of O.E. of, unstressed form of æf (prep., adv.) "away, away from," from P.Gmc. *af (Cf. O.N. af, O.Fris. af, of "of," Du. af "off, down," Ger. ab "off, from, down"), from PIE *apo- "off, away" (see APO- (Cf. apo-)). Primary sense in Old English still was "away," but shifted in Middle English with use of the word to translate L. de, ex, and especially O.Fr. de, which had come to be the substitute for the genitive case. "Of shares with another word of the same length, as, the evil glory of being accessory to more crimes against grammar than any other." [Fowler]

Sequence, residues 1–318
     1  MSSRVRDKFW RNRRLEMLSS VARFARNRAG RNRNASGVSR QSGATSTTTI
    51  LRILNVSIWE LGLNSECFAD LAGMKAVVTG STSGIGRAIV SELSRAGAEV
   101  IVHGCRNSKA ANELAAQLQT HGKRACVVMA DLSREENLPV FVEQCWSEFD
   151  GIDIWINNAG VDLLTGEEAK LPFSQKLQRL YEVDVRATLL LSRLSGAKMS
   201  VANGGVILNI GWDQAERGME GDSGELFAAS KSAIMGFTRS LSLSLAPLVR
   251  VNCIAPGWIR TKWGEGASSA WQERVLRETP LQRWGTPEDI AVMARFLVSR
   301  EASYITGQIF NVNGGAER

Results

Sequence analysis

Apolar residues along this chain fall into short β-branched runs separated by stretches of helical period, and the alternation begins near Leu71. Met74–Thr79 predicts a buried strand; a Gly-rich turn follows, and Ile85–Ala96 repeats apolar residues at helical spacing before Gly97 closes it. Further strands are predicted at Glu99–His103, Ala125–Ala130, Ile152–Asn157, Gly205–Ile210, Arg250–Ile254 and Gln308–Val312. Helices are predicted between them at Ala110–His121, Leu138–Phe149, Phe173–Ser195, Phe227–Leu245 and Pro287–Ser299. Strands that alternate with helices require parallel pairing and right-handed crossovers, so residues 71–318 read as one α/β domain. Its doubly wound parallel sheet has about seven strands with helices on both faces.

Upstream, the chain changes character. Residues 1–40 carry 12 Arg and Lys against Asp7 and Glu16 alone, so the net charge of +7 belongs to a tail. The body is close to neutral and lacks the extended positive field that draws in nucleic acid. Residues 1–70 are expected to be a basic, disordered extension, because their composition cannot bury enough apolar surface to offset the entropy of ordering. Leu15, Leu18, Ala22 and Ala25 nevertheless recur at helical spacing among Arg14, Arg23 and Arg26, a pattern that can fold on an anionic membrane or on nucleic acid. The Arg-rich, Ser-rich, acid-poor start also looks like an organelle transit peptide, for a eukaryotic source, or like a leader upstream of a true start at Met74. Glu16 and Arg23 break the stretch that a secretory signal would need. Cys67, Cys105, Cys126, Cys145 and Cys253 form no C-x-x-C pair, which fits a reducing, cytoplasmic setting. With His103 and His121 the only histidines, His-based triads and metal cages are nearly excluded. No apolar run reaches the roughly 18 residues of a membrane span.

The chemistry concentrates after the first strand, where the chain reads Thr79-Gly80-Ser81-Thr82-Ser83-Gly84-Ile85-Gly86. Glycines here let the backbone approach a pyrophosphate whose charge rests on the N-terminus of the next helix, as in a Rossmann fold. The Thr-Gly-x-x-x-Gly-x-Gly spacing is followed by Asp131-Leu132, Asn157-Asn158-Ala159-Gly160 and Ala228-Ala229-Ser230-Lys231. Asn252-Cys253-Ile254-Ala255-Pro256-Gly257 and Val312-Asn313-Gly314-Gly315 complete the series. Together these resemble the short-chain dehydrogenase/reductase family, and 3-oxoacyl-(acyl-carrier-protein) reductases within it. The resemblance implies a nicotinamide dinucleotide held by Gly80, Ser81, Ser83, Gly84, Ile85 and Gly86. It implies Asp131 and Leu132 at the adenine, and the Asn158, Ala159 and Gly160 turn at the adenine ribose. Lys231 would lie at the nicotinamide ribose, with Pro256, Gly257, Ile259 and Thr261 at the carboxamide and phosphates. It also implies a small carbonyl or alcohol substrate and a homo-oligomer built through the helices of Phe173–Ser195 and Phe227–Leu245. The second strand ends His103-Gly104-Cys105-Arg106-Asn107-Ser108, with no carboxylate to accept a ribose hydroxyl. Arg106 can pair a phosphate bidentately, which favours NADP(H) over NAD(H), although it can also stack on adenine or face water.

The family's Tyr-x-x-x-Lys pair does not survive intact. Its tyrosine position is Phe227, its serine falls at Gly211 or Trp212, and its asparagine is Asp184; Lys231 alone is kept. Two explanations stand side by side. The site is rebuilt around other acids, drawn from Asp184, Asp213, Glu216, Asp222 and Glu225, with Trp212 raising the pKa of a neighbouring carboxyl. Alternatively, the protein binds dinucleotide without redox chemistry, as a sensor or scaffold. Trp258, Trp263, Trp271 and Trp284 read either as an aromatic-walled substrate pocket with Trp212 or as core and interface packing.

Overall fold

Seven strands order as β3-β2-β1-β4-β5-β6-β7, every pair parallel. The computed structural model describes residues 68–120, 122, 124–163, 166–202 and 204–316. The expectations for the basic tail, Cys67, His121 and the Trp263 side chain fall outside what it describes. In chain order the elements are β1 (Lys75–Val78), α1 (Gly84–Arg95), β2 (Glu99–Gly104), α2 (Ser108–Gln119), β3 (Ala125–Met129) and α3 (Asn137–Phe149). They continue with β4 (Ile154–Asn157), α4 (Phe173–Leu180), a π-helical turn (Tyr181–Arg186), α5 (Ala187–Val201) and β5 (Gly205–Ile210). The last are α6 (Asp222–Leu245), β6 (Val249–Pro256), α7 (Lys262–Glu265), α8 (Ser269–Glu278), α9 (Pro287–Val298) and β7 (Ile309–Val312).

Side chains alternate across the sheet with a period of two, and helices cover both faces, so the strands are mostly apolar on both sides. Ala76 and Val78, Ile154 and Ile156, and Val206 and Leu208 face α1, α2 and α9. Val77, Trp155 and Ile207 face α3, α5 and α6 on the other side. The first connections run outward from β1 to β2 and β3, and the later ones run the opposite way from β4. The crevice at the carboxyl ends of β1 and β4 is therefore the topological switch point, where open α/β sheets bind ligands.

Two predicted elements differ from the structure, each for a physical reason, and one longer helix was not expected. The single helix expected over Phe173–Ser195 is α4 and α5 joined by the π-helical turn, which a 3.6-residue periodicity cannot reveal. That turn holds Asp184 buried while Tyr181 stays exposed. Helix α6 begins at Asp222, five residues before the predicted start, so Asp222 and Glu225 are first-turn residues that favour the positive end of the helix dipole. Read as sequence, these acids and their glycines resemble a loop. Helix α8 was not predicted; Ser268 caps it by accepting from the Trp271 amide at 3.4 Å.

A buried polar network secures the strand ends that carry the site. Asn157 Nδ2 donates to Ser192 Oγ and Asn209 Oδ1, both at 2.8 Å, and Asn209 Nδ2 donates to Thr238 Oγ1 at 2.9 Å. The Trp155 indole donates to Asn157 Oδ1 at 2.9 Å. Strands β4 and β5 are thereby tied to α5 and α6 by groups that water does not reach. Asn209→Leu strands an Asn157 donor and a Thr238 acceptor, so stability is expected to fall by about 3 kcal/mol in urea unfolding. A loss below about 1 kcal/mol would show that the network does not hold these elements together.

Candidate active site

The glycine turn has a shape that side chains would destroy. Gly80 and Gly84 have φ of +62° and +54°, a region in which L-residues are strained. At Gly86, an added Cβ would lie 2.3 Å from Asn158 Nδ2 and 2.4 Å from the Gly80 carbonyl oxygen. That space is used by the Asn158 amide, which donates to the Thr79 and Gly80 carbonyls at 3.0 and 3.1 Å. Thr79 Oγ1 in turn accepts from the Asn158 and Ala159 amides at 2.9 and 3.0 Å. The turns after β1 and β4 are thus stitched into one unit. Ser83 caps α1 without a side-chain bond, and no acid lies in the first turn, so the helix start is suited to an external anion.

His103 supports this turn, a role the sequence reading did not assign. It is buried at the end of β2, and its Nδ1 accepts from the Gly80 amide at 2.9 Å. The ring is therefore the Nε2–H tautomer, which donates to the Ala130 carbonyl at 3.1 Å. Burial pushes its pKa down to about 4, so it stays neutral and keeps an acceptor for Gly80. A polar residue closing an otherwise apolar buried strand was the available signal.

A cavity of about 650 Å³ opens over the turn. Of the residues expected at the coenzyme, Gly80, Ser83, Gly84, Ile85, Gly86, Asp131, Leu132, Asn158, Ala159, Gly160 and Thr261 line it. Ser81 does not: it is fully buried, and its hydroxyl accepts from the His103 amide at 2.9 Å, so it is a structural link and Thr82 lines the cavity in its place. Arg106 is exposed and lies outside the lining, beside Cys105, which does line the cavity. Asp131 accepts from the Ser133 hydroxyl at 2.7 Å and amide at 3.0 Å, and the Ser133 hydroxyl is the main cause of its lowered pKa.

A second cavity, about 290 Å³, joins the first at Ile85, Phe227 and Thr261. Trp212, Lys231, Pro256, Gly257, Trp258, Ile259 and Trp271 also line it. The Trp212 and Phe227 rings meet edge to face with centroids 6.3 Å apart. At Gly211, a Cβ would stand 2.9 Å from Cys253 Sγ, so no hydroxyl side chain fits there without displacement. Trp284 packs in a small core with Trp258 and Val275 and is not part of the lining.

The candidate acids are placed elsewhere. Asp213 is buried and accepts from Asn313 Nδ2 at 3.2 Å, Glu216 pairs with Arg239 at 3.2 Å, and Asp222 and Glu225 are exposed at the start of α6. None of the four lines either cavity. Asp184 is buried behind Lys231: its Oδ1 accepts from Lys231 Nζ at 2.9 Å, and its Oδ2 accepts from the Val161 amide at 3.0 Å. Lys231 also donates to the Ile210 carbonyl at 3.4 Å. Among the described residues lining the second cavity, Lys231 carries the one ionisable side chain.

Also from 1837 a non-standard or dialectal representation of have as pronounced in unstressed positions (could of, must of, etc.)

Etymology dictionary. 2014.

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